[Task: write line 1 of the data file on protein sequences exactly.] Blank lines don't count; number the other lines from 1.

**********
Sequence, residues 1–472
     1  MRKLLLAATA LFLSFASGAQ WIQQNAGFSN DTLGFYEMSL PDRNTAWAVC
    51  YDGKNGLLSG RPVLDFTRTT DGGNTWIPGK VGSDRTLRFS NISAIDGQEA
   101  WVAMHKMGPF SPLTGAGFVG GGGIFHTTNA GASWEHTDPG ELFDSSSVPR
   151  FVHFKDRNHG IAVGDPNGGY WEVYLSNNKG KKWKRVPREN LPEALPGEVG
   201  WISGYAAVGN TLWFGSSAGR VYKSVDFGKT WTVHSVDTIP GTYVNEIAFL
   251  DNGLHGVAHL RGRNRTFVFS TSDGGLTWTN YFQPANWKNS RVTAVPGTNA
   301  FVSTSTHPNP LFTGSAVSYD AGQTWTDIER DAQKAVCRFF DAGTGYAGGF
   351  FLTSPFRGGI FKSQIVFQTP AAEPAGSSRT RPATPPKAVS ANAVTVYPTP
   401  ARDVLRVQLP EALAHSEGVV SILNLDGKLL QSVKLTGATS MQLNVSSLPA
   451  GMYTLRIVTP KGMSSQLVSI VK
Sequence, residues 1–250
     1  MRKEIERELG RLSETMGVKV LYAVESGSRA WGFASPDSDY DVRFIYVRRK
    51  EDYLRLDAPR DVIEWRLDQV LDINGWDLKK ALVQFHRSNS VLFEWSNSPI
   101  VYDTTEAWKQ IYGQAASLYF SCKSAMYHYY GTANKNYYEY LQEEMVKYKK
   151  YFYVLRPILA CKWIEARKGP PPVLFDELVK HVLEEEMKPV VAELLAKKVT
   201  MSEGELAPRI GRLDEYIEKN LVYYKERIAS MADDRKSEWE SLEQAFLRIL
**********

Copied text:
Sequence, residues 1–472